Where are rates headed?

The US Federal Reserve has increased its federal funds rate (which controls short-term interest rates) nine times from zero in 2015 to 2.5 per cent, as the US economic recovery gathered steam.

As late as last December the Fed was forecasting two more hikes in 2019. Then in early January it announced a ‘patient’ approach. Respected market observer and former Pimco chief, Mohamed El-Erian now expects the next move will be a cut, but not until 2020.i

Over the same period, the Reserve Bank of Australia cut the official cash rate from 2 per cent to a record low of 1.5 per cent. Until recently, the consensus was that the next move would be up, but many economists now expect a rate cut.ii

This turnaround in sentiment in the US and Australia is due to weaker economic figures, the escalating trade war between China and the US and fears of a China slowdown. Australia also faces slow wages growth and falling property prices.

Late last year nerves got the better of investors and global shares fell sharply. Shares bounced back in January after the US Fed’s about-turn on interest rate policy. But bond markets had been predicting an economic slowdown for some time, due to something called the yield curve.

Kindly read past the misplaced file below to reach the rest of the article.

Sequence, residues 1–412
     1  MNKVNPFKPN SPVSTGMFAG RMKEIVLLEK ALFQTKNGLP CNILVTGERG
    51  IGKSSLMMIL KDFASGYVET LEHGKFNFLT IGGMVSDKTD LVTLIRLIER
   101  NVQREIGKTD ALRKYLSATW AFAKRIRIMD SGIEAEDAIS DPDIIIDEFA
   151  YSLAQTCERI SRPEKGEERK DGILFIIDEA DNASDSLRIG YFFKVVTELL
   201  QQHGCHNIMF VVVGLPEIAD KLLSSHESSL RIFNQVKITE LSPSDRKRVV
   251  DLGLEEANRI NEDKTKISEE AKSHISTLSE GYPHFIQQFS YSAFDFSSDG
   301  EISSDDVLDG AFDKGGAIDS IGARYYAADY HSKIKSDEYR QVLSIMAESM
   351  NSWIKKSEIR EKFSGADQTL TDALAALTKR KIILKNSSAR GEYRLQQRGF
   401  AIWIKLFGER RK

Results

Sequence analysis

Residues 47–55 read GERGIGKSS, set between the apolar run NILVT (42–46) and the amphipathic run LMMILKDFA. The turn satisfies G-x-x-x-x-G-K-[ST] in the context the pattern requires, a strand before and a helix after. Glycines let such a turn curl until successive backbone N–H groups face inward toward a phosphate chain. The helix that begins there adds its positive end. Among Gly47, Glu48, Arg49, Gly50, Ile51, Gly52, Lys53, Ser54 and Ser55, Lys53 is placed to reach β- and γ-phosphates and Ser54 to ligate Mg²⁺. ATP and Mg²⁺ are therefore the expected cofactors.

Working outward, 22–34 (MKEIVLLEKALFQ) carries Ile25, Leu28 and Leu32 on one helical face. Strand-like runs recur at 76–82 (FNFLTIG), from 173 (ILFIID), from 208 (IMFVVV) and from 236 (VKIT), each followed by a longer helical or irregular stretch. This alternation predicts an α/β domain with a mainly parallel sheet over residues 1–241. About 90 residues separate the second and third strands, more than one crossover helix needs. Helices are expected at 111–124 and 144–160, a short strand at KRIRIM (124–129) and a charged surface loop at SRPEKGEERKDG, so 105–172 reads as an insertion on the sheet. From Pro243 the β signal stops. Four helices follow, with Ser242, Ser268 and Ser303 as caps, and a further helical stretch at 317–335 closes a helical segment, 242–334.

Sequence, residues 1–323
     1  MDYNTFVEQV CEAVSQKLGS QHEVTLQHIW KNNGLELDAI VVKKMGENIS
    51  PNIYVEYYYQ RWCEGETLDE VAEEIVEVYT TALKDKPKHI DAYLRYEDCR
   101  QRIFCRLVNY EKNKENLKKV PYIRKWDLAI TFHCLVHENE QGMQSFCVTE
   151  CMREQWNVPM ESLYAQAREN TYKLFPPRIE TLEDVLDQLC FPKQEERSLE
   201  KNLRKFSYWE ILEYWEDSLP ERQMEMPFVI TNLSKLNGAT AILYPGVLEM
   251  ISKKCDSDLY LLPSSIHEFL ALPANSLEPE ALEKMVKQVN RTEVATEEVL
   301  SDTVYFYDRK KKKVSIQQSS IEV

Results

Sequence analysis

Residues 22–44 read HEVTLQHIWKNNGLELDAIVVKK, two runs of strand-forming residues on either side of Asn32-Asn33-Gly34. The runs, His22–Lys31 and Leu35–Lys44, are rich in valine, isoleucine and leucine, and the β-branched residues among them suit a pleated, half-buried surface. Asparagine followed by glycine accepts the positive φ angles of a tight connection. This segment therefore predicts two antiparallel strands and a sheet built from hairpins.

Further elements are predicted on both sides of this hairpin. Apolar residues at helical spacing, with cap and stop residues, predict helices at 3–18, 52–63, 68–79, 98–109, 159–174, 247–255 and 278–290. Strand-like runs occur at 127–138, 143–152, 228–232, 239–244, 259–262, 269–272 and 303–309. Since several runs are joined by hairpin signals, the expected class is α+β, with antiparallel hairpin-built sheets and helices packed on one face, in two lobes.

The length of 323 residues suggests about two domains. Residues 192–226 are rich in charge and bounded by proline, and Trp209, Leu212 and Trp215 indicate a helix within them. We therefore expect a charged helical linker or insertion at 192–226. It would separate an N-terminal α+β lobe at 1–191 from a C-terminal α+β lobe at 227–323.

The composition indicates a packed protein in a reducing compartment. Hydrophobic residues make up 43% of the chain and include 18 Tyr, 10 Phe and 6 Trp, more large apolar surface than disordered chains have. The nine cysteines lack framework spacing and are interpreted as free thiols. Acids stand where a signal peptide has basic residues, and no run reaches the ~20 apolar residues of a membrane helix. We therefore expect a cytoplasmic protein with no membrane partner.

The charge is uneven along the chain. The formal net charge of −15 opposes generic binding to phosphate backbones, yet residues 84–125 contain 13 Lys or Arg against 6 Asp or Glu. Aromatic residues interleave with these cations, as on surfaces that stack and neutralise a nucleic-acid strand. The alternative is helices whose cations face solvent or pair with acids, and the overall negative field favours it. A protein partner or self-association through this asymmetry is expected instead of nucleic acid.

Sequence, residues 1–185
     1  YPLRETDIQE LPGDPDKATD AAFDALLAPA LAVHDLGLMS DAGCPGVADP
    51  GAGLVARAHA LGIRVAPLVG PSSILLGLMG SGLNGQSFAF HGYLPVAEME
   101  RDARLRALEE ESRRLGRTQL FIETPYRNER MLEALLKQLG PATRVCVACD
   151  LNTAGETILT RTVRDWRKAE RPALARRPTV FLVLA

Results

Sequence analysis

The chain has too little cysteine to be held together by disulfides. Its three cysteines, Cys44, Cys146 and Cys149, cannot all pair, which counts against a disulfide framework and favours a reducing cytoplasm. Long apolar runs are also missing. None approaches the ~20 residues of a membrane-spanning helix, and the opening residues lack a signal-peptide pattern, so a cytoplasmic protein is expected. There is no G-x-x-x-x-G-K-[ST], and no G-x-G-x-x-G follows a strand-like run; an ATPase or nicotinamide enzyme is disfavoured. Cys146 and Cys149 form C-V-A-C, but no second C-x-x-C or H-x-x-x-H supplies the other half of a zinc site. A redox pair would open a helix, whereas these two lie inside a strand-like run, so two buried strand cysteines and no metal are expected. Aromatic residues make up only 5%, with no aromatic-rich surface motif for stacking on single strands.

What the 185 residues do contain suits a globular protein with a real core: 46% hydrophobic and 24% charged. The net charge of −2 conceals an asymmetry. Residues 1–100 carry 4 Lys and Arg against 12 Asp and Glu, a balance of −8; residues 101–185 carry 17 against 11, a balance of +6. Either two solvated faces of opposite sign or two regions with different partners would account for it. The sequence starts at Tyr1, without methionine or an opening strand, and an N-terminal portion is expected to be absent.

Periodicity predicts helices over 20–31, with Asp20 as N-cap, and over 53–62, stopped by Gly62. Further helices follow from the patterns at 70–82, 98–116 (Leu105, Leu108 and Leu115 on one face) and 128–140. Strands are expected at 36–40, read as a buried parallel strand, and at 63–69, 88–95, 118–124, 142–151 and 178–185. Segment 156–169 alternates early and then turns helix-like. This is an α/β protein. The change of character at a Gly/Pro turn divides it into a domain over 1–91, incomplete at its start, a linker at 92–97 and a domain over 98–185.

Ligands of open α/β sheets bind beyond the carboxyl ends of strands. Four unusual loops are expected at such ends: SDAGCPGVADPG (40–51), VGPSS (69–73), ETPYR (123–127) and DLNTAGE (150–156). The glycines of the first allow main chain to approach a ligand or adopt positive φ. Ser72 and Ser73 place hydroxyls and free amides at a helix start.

What is the yield curve?

The yield curve is a graph that plots the yields currently offered on bonds of different maturities, ranging from a few months to 30 years. The yield on a bond is the annual interest paid as a percentage of the bond price.

The ‘typical’, or positive, yield curve is a gently rising line as maturities increase because investors expect a higher return for the added risk of holding an investment for lengthy periods. A flat yield curve occurs when yields on short and long securities are similar.

The relatively rare inverted yield curve, where short-term yields are higher than long-term yields, looks like a downhill slide.